All of us in alumni engagement are charged with generating school spirit by helping alumni grow personally and professionally under the university flag. Although the eventual goal is to create goodwill resulting in gifts of time and dollars, most of us are trying to promote programs and initiatives for our alumni over the short term that will cause a connective spark.
Many institutions rely on reporting alumni news as a central tenant to their alumni constituency engagement strategy. Our communicators publish unbiased, journalistically sound, news articles that showcase professional achievements or unique philanthropic efforts. But this reporting doesn’t really drive alums to do anything.
For example: perhaps fictional alumnus, Steve Studly ’81 has been named to the Georgia State Lawyers “Best Lawyers of 2012” list, or alumnae Mary Matters ’07 recently traveled to the Sudan and volunteered for the Red Cross. These are both excellent professional achievements, but neither will likely help sell your alumni engagement initiatives.
What do you want your alumni to do? We work under the Advancement Office umbrella and want our alumni to do specific things like:
1) Volunteer to help as a member of regional club or reunion class committee; 2) Update contact information in the alumni database, or utilize that database to make a connection; 3) Attend an event on-campus like a reunion, lifetime learning lecture, or pre-game tailgate; 4) Attend a regional club event or register for an alumni travel program trip; 5) Mentor a student or young alum by contributing content to digital group like Facebook or Linkedin.
Now, let me backtrack for just a second and give alumni news a “pat on the back” for its overall marketing potential…
The story about Steve could be used to provide clout to an institution’s law school, and a spotlight video on Mary’s experience would likely yield strong web traffic after it’s shared on social media. There are uses for this sort of content. It does help out the institution.
From an alumni engagement standpoint, an argument can be made that adding the Steve piece might foster a stronger relationship between the alum and the university. Perhaps posting the story will bring Steve into the folds or function as a stewardship exercise for a recent contribution. Maybe the story about Mary Matters will provoke a student to volunteer with an NGO somewhere. That’s all good stuff. A case could also be made that just by having a member of the alumni constituency read the content that equals engagement on some tiny level. It is after all an interaction between the alum and the university.
In an honest assessment however, I believe most higher education communicators would agree that alumni news content is the easiest to write and that’s why it prevails. We write it because we must feed the content beast, and he’s always hungry. I get releases sent to my inbox all the time from agencies representing big law firms or corporations hoping for a little press. Setting up “Google Alerts” or something similar will provide a plethora of alumni news content potential.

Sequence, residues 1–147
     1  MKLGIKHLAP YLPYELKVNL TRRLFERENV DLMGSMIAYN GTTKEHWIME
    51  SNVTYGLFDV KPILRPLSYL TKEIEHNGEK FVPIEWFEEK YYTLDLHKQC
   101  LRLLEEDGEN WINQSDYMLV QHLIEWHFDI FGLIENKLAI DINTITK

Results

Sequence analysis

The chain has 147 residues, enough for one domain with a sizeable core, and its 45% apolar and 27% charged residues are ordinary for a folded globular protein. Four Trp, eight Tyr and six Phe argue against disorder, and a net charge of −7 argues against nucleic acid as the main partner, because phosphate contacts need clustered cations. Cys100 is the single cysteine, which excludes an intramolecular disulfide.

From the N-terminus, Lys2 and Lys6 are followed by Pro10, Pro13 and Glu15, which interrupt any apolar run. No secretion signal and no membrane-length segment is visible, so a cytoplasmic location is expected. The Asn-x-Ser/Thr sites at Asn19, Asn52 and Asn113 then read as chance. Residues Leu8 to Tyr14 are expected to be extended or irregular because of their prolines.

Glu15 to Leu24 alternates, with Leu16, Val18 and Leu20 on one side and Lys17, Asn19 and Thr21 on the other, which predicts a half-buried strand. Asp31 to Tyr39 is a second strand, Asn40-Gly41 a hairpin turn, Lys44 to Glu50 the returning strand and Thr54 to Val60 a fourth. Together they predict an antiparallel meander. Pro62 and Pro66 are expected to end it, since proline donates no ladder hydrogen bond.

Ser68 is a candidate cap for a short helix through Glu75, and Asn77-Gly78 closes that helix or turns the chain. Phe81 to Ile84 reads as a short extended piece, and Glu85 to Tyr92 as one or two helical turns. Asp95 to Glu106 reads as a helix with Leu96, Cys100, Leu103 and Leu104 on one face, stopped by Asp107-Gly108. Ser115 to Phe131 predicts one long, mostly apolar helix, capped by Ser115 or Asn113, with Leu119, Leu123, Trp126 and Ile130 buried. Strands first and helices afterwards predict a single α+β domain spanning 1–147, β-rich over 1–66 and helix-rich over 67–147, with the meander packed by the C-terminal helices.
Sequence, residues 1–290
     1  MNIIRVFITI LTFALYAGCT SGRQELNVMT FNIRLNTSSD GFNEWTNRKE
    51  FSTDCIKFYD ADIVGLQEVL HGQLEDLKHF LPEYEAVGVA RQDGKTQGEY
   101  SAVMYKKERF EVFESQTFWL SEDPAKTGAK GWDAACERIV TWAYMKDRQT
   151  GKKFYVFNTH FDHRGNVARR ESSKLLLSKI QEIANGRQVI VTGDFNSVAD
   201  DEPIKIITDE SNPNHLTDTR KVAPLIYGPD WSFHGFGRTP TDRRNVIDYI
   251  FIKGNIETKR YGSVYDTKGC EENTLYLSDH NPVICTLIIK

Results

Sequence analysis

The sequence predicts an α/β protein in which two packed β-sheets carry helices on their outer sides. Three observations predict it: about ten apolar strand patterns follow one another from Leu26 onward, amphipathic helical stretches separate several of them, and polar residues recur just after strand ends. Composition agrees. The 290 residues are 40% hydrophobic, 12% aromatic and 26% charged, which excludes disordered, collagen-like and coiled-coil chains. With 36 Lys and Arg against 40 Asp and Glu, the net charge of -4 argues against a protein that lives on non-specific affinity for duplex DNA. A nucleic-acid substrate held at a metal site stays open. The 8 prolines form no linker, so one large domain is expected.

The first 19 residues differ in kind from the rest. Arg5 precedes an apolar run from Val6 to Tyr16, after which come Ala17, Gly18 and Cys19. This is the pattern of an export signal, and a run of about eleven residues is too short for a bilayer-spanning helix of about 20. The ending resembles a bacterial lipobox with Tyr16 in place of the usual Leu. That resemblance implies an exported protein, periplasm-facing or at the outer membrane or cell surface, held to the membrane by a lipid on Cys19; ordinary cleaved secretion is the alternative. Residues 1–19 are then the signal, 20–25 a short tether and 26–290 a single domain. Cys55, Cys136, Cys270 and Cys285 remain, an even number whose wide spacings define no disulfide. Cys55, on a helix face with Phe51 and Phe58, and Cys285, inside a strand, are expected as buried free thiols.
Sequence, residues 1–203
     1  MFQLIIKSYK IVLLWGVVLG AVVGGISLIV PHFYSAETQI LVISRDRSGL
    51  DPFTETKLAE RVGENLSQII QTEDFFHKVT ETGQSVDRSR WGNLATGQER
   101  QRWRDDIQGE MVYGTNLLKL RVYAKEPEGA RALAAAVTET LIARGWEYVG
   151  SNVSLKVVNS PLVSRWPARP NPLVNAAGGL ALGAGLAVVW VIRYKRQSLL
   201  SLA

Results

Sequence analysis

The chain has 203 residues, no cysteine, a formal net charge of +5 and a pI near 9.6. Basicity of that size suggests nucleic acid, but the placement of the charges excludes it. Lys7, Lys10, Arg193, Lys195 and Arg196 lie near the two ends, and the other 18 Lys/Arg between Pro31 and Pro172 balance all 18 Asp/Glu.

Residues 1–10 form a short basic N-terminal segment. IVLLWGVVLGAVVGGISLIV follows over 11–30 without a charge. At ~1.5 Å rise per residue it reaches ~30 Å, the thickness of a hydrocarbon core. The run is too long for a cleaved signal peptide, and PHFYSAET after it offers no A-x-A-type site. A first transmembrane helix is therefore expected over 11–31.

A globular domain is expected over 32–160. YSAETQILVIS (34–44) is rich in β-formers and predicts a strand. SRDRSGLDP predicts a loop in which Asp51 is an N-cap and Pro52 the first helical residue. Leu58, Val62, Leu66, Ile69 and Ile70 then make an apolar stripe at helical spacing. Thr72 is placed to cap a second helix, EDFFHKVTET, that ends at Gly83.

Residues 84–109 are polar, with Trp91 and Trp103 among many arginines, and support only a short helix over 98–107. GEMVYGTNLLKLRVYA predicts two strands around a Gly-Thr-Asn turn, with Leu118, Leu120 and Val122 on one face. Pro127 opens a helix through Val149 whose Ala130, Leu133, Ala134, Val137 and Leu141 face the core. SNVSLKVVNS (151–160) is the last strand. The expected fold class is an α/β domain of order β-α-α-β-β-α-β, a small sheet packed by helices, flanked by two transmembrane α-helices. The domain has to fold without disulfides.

It’s much more time consuming to seek out, write and post original content that functions persuasively to sell your alumni engagement initiatives and the alumni network itself. Stories that will both entertain and sell your initiatives are relationship stories. What two alums developed the framework of a business partnership while on an Alumni Travel trip to Argentina? Who successfully utilized your alumni Linkedin Group to find a job? Who met their spouse at a class reunion? What happened at the Philadelphia Club event resulting in three new volunteers stepping up? These stories will compel future actions, and that’s what we want.
Make no mistake, relationship stories are much harder to find and tell. It’s almost like detective work; the challenge of uncovering a great relationship story. Social media is an excellent place to look for clues and ask for narratives. We’ve worked hard to tell a few of these stories at Washington and Lee University. They’re meant to showcase the value of our specific alumni network initiatives. We add plenty of Alumni News to our homepage as well, make no mistake.
If you just need to freshly curate your homepage, then an alumni news story might be a useful tool during a busy time. Maybe a local paper will pick it up and run a story. But ultimately, you are being measured by the success of your initiatives, right?
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